Kjersti Busch of the environmental organization SALT, which has its headquarters on the Lofoten islands in northern Norway, has partially blamed the fishing industry for the pollution.
"Lost or dumped fishing nets can continue to ensnare fish and other marine animals for years in 'ghost fishing,' where no one actually takes care of the catch," Kjersti Busch told Swedish national broadcaster SVT.
Despite Norway's own fishermen being identified as polluters, much of the plastic washing ashore is from other parts of Europe, and even other continents.
"We have actually encountered plastic debris coming all the way from the United States," Bo Eide from the environmental office in Tromsø Municipality in northern Norway told SVT.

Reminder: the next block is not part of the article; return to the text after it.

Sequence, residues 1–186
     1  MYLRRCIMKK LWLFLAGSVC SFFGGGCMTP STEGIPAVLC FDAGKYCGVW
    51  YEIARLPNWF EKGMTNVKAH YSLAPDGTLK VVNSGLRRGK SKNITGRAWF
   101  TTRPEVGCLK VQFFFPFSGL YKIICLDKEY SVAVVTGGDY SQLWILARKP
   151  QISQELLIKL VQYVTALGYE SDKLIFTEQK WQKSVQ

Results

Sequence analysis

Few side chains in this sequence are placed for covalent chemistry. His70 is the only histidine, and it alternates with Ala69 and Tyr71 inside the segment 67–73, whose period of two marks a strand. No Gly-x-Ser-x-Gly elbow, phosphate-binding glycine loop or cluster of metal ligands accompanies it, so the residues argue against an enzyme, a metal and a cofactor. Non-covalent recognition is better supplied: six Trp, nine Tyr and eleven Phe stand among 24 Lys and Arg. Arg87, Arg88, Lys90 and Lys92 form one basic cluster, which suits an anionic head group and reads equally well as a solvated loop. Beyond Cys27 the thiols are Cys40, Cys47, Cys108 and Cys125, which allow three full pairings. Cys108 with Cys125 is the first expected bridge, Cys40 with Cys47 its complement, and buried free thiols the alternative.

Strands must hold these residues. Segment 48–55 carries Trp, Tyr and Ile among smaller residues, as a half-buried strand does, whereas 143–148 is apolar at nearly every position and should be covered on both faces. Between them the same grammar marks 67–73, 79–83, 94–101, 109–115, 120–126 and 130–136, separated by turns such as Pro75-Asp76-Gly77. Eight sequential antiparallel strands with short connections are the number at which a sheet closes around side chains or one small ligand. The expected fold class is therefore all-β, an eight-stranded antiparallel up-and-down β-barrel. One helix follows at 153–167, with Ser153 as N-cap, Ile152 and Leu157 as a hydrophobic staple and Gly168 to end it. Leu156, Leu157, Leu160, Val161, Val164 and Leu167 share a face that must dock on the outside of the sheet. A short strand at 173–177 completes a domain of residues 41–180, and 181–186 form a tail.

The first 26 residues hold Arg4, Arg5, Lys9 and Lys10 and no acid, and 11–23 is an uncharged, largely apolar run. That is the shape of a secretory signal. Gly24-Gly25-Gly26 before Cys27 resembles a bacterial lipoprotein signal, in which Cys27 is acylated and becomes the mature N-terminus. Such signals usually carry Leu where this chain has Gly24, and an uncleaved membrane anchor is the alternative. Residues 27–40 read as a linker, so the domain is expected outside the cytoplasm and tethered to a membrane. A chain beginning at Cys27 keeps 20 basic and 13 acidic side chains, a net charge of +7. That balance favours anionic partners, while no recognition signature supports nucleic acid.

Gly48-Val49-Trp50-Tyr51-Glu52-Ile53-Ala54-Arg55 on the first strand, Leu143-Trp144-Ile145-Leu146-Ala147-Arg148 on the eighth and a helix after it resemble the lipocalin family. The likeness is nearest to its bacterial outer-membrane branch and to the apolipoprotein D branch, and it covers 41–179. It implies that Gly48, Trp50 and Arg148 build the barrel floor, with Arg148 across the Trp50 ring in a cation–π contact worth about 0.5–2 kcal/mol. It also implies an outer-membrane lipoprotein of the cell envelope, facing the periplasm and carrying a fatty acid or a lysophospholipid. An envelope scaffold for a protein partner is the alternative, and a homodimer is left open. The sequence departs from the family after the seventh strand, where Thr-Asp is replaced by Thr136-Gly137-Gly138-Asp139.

In February, a stranded whale outside the city of Bergen on Norway's western coast made national headlines. The whale's stomach was filled with plastic instead of food, with 30 plastic bags and large amounts of other plastic debris removed during the post-mortem. The recovered plastic bits included candy wrappings, food containers and garbage bags. Some of the products retained fragments of text and could be traced to Norway, Denmark and the UK.
"The finding is indicative of a worsening state of the oceans. Plastic is probably the world's fastest growing environmental problem. It is the real sea monster and we have to fight it," Norwegian Environment Minister Vidar Helgesen told Norwegian national broadcaster NRK.
According to the Swedish Marine and Water Authority (HAV), about 6.4 million tons of debris is thrown in the world's oceans each year. Most of it is plastic, which is deadly for wildlife. Over a million birds and 100,000 mammals die each year due to debris in the oceans.
An earlier report by the World Economic Forum warned that if nothing is done to plastic emissions, there will be more plastic than fish in the oceans 30 years from now.
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